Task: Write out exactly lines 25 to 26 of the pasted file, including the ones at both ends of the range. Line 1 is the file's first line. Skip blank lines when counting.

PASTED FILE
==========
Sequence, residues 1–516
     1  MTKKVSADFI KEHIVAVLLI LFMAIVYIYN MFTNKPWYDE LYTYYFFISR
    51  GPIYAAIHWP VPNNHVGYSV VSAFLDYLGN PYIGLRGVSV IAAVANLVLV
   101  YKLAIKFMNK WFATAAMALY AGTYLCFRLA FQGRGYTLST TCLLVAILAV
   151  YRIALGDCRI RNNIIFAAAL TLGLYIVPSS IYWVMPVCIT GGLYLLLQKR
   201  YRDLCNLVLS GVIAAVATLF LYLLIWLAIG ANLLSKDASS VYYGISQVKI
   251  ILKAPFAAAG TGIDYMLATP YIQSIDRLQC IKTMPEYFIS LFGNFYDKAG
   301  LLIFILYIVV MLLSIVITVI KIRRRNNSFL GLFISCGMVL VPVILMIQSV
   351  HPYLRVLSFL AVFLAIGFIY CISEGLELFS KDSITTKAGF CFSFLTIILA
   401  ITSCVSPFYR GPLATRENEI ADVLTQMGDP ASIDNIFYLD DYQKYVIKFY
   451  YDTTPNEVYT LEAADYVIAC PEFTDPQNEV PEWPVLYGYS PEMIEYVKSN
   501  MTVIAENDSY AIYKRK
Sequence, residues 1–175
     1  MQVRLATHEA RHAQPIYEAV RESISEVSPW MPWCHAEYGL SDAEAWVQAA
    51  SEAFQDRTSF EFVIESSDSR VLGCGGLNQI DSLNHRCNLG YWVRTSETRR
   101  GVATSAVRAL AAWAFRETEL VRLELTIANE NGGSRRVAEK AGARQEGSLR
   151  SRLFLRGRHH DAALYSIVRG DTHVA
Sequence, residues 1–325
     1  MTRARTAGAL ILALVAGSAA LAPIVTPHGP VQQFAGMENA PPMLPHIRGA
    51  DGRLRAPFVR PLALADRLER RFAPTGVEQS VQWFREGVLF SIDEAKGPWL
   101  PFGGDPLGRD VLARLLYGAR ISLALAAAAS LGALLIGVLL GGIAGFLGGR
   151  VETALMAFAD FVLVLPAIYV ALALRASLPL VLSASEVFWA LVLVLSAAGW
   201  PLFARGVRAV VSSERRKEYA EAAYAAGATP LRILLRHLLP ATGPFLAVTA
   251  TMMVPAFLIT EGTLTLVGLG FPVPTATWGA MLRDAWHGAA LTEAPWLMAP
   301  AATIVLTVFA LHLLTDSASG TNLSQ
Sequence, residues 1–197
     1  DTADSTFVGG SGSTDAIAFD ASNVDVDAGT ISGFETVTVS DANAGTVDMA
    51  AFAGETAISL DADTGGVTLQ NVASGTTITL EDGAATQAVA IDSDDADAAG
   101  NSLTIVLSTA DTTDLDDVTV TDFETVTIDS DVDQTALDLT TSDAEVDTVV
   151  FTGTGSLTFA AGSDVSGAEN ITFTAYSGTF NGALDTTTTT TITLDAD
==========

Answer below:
   301  AATIVLTVFA LHLLTDSASG TNLSQ
Sequence, residues 1–197